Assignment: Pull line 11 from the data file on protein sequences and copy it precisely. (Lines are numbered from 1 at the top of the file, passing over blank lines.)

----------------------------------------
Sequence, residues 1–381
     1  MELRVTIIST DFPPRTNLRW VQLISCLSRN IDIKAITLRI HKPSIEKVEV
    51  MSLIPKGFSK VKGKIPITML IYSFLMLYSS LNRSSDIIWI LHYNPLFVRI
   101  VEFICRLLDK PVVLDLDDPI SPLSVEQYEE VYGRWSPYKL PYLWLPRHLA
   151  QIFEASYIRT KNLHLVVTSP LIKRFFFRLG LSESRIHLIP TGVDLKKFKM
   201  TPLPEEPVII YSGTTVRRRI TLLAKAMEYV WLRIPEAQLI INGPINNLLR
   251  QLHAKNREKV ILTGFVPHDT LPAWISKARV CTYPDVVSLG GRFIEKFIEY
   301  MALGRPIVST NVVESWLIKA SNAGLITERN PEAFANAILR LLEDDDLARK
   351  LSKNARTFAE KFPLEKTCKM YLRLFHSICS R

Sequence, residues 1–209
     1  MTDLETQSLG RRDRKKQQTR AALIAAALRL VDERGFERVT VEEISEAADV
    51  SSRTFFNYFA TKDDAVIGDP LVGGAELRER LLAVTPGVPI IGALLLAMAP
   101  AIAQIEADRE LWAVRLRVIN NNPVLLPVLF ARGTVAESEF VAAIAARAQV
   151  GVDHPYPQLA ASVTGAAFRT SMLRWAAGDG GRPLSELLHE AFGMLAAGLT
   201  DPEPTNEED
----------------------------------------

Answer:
     1  MTDLETQSLG RRDRKKQQTR AALIAAALRL VDERGFERVT VEEISEAADV